(Warning: toddler boys love medicine balls and think they are for them and not for their CrossFitting mamas…)
How I Became a CrossFit Mom (Part Three): Pregnancy Edition
About four months after I had started CrossFitting, my husband and I decided we were ready to try for another baby. As we prepared for the possibility of those exciting double lines on a stick, I asked my husband “what do CrossFitting women do while they are pregnant?”
He instantly replied “CrossFit!”
I looked at him suspiciously. How could women possibly keep up with the intensity of CrossFit workouts while they are pregnant? It didn’t seem to make sense. It didn’t sound very healthy or safe. Or practical. How do you lift anything with the equivalent of a medicine ball inside your belly?
But I was curious. So the Hubs showed me all the research. I was amazed to discover there is literally a movement in the United States right now of CrossFitting pregnant women. Much research and intense studies are going on chronicling the lives of women who keep working out during their pregnancies. And doctors are finding that these women, and their babies, are nothing but happy and healthy as a result. [You can search CrossFit.com for PDF journals on pregnancy research, as well as the stories of women who CrossFitted all 9 months.]
Still suspicious, I took the pregnancy workout question to my team of five OBGYNs. I go to a Catholic (1000% pro-life) OB practice, and the head of my practice is a nationally known author, speaker and TV personality on women’s health issues, so I knew my doctors would give me workout answers taking into full account my health as well as my unborn baby’s health and safety.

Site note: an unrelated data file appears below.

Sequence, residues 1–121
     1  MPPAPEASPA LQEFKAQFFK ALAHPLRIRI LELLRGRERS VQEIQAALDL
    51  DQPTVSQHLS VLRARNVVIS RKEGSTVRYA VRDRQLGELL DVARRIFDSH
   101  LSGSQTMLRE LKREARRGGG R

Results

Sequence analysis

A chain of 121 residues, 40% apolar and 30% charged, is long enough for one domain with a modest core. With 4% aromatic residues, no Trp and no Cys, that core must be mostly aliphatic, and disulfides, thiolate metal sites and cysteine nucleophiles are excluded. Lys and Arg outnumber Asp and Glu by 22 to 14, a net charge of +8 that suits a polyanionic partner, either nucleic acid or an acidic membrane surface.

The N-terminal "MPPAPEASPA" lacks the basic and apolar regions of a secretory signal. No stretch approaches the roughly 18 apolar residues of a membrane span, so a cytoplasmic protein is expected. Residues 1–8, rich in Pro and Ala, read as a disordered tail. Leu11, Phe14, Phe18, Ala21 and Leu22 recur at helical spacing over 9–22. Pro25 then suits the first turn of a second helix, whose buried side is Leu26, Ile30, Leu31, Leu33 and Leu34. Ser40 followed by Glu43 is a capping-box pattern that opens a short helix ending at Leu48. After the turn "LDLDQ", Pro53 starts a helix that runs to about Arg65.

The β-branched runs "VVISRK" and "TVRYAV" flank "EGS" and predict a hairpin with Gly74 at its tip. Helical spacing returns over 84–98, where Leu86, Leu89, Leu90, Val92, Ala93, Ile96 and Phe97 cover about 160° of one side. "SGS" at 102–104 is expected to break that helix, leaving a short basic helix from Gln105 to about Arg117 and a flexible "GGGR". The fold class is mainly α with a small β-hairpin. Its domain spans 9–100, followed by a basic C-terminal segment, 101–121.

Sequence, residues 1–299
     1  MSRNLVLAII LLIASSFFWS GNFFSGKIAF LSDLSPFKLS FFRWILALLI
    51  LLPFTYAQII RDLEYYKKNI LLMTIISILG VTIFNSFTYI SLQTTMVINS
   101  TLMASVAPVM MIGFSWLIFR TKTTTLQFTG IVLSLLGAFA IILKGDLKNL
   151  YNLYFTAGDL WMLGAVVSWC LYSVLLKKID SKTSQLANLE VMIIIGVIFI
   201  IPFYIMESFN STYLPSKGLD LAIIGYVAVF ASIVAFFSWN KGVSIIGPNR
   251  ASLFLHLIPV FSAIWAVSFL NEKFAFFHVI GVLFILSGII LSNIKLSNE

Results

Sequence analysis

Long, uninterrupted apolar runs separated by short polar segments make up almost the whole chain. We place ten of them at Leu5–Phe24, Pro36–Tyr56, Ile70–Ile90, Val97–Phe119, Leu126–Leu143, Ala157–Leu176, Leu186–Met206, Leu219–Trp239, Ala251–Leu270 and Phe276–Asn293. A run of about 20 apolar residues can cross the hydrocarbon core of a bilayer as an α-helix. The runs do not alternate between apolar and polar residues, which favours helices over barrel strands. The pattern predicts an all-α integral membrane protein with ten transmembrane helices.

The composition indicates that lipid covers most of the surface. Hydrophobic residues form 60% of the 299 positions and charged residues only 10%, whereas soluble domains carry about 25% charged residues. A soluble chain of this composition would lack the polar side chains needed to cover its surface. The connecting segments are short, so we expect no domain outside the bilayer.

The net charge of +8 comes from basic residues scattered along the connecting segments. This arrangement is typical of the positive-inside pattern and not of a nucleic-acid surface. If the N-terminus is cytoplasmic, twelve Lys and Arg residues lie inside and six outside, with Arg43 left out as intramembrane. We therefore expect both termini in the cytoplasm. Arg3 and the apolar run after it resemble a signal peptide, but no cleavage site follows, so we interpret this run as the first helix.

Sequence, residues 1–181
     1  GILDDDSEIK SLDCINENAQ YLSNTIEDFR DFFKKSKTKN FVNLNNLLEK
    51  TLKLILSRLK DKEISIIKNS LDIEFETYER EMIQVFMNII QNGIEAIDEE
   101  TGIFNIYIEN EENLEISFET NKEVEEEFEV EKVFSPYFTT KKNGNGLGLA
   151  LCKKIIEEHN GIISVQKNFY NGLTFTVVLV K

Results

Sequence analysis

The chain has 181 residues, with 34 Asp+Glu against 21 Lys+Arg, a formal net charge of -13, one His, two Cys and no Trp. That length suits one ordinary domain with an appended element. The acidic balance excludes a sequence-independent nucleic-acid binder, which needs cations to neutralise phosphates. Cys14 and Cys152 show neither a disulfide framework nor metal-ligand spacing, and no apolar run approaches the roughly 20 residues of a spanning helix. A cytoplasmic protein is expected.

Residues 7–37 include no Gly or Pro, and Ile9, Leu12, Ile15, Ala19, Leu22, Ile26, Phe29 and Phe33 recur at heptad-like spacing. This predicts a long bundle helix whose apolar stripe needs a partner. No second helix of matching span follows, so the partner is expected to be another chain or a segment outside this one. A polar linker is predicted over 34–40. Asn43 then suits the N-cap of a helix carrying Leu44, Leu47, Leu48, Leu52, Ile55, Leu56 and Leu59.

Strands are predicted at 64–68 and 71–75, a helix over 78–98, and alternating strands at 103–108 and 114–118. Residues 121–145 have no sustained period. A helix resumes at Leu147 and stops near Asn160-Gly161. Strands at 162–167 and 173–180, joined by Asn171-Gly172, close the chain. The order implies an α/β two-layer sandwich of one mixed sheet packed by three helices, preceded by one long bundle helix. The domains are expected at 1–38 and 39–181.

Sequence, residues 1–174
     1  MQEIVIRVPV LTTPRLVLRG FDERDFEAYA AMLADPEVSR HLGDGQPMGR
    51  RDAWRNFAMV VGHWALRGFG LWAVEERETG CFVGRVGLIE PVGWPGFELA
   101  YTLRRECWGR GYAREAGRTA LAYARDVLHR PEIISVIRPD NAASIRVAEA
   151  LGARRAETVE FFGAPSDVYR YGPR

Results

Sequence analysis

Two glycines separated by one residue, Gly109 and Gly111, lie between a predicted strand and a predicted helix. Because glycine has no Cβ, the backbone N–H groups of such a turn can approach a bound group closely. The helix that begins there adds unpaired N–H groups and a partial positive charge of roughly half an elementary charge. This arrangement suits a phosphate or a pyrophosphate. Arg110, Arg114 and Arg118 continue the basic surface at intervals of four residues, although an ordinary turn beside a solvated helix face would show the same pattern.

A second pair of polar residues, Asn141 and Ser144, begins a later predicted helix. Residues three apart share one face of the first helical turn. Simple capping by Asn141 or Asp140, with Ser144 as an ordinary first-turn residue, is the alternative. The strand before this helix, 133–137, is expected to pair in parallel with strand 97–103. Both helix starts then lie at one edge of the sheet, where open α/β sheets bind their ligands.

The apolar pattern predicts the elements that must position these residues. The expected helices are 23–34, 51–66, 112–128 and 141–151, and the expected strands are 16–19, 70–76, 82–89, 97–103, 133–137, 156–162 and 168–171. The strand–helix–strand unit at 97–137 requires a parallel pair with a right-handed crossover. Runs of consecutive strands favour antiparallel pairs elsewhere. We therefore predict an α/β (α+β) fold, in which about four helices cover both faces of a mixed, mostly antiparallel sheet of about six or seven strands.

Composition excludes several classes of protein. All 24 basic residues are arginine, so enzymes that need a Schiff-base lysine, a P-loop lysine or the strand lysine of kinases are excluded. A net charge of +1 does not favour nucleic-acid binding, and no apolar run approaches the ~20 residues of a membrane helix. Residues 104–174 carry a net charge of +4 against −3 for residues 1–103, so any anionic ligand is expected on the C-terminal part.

So I asked pretty much all of the doctors what they thought about working out during pregnancy. I suspected they’d tell me to take long walks and take it easy, so I was shocked by their responses.
“Keep it up as long and as much as you can!” said one of my doctors. She explained that pregnancy was not the time to start any new workout regimen. “If you’ve never cross-country skied, now is NOT the time to learn” she told me. “But if you’ve been working out intensely and getting in lots of cardio, you can stick to your workouts as long as you’re comfortable.”
“But what about pull ups and crunches and sit ups and things that work my abs?” I wanted to know. My doc said that was fine as long as I could handle it – that there would come a point in the pregnancy where it would no longer be comfortable or practical. “But keep it up as long as you can – it won’t hurt the baby, and it’ll aid you greatly during labor and delivery to have those muscles strong and ready to go.”
Still wanting more professional opinions, I asked the head of my OB practice for his take. “Knock yourself out, Girlfriend!” was his initial silly reply. He was thrilled I wanted to work out during pregnancy. He reminded me not to “push it too much” and to listen to my body. But he couldn’t be more pro-pregnancy-workout. His basic rule of thumb for workout advice seemed to be “what you were doing before you were pregnant, keep it up as long as you can while you’re pregnant, being careful to listen to your body.”
I have two girlfriends in South Carolina who were able to workout from home doing P90x for their entire pregnancies. I was always in awe of them for doing this, but after talking to my doctors, I realized they could do this because they were extremely fit and did P90x before they got pregnant. This seems to be a key element of working out during pregnancy: don’t start an exercise regimen after you get a positive pregnancy test, start exercising beforehand.